(8) If a company fails to comply with any of the requirements of this section, the company and every officer of the company who is in default, shall be punishable with fine which may extend to 10[five thousand rupees] for every day during which the failure continues.]
Tax implications of foreign house ( Sec - 54)

Tax implications of foreign house ( Sec - 54)

3:00 PM Add Comment
Conceptually, there is no ground to give Section 54 benefit to a person who acquires a house property or constructs it in a foreign country after selling a house in India

In an article published in a tax journal, an advocate and tax consultant from Ahmedabad had expressed the view that exemption from capital gains can be availed of under Sections 54 and 54F of the Income-Tax Act, 1961 even when investment in house property is made abroad, say, in London.

Location issue

The reasoning is that neither Section 54 nor Section 54F prescribes any restriction in regard to the location, where the investment in the residential house should to be made.
Thus, the house, to be purchased or constructed by the taxpayer for getting tax exemption on long-term capital gains (LTCG) investment can be either in India or overseas.
The view expressed has also been supported by the fact that the Foreign Exchange Management Act, 1999, having liberalised remittances by resident Indians for their annual overseas investment up to $1,00,000 and with the I-T Act enabling tax exemption of LTCG in case of an investment made in either the purchase or construction of a residential house, one can plan to sell one’s land and invest funds outside India so as to enjoy tax exemption. The view expressed does not seem to be correct for the following reasons:
Section 54 provides for exemption in respect of LTCG arising from the transfer of a residential house. This exemption is available only to an individual or a HUF and is subject to fulfilment of the under-mentioned conditions:
The capital gain should arise from the transfer of long-term capital asset, being buildings or lands appurtenant thereto, being a residential house, income wherefrom is assessable under the head ‘Income from house property’.
The transferor shall be an individual or an HUF.
The transferor assessee should have purchased a residential house a year before or two years after the date of transfer; or, in the alternative, the assessee should construct a residential house within three years from the date of the transfer of the original house.
Both Sections 54 and 54F require investment of the amount of capital gain only and not the amount of entire consideration or the net consideration flowing as a result of transfer of the long-term capital asset.
In view of this, the issue is whether the capital gain arising from the transfer of the residential house should be invested in India or whether exemption can be claimed even if the property is acquired or constructed in a foreign country.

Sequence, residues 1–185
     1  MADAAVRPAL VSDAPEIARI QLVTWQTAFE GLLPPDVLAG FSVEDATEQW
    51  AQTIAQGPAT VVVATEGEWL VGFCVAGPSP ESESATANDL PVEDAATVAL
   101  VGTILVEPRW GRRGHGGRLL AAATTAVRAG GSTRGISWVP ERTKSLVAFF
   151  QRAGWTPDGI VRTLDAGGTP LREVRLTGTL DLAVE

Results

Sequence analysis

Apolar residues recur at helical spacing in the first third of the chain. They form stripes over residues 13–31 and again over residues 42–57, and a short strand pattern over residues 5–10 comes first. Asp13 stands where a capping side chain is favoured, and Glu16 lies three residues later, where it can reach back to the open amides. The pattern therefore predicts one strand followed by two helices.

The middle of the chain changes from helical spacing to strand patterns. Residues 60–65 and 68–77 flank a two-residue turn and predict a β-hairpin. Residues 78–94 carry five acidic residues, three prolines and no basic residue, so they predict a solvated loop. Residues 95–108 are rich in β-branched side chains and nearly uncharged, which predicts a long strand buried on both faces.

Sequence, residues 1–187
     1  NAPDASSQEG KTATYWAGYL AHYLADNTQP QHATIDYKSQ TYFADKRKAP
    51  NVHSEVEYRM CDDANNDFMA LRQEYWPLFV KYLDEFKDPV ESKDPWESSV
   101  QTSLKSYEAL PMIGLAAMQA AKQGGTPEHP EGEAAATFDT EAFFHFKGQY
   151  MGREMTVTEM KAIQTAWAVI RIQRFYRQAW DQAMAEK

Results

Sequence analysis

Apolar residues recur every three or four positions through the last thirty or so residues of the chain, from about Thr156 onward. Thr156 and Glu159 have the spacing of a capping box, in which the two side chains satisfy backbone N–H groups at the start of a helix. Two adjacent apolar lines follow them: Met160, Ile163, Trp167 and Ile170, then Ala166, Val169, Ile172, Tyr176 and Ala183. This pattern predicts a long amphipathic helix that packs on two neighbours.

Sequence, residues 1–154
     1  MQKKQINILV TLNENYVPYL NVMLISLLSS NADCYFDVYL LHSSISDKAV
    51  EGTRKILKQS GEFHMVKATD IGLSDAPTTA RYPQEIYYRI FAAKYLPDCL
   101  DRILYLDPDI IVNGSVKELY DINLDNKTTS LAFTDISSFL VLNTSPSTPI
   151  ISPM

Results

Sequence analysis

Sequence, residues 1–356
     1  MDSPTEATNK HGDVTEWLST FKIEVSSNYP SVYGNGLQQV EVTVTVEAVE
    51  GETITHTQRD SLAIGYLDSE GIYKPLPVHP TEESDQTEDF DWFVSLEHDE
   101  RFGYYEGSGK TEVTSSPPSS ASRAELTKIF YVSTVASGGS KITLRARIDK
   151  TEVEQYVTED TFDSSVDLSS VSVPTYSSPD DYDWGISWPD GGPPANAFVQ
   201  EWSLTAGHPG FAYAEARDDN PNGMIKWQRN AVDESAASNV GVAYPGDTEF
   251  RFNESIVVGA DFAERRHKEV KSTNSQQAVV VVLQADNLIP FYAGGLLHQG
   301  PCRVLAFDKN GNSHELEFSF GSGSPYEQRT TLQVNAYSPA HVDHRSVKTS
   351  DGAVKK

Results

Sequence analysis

The argument is that in both the sections, there is no requirement that the residential house, to claim exemption, should be acquired or constructed only in India.

Untenable argument

The argument does not seem tenable. For claming exemption, property is to be acquired in India. The Government foregoes revenue to achieve some avowed objective for the good of the country.
Section 54 exemption for capital gain is intended to give a boost to the construction of residential houses in the country and this objective will not be achieved if the property is acquired or constructed in a foreign country.
Hence, conceptually, there is no ground to give the benefit of Section 54 to a person, who acquires a house property or constructs it in a foreign country after selling a house in India.
This view gets support from the Supreme Court decision pronounced on May 9, 2008, in the American Hotel & Lodging Association Educational Institute vs CBDT (2008 170 Taxman 306 SC) case.
In this case, the assessee, a branch office of a non-profit organisation in the US carrying on educational activities, was enjoying tax exemption in the US.
It had been set up for carrying on educational activities of the head-office for the convenience of Indian students and institutions and the assessee used to collect charges for course materials, etc., to be supplied to them, on behalf of the head-office.
It made an application requesting for approval for purpose of Section 10(23C)(vi). This was rejected on the ground that the assessee had not applied its accumulated income for education in India.
‘In India’
The assessee’s case was that the third proviso to Section 10(23C)(vi) does not mention that income generated is required to be applied in India and, in fact, words ‘in India’ are totally missing and the Revenue had unnecessarily imported these into the third proviso to Section 10(23C)((vi).
The High Court had decided that the words ‘in India’ have necessarily to be read with the third proviso to Section 10(23C)(vi) to make it workable. The Supreme Court has decided that the plain words of the third proviso do not require application of income to be in India.
But it should not be understood to mean that the applicant has not to impart educational activities in India. If the applicant wants exemption under Section 10(23C)(vi) it has to impart education in India and only then it would be entitled to claim initial approval under that section.
That is the reason for saying that the ‘non-profit’ qualification has to be tested against Indian activities. The consideration is that impartation of education must be in India if the applicant desires exemption under Section 10(23C)(vi).
On this logic, for claiming exemption under Sections 54 and 54F, construction/acquisition of a house in India is a necessary condition. Reference to FEMA and its liberalisation has no relevance in the context of exemption of capital gains under the I-T Act.

Courtesy - T. N. Pandey (